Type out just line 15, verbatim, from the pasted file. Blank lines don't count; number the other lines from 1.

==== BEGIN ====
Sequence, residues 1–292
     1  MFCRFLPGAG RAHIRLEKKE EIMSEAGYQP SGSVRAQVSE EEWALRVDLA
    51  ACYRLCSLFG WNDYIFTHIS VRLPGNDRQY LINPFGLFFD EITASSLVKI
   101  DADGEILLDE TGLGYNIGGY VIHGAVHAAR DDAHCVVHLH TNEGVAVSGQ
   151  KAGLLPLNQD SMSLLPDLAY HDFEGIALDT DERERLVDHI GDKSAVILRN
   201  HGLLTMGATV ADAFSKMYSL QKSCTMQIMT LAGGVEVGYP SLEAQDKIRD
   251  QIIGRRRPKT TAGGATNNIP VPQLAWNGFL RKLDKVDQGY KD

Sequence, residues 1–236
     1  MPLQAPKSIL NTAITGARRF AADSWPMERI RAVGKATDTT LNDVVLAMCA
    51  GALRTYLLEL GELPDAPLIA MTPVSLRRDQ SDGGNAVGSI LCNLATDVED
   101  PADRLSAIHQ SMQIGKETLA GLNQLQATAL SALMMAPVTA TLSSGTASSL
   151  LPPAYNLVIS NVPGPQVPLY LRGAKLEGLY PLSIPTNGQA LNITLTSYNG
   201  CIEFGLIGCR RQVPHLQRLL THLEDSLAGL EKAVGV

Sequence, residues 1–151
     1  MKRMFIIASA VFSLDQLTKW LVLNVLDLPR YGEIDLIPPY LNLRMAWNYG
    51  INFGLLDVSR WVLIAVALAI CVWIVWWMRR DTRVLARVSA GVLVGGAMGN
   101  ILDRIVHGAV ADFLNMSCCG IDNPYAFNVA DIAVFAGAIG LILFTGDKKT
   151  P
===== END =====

     1  MKRMFIIASA VFSLDQLTKW LVLNVLDLPR YGEIDLIPPY LNLRMAWNYG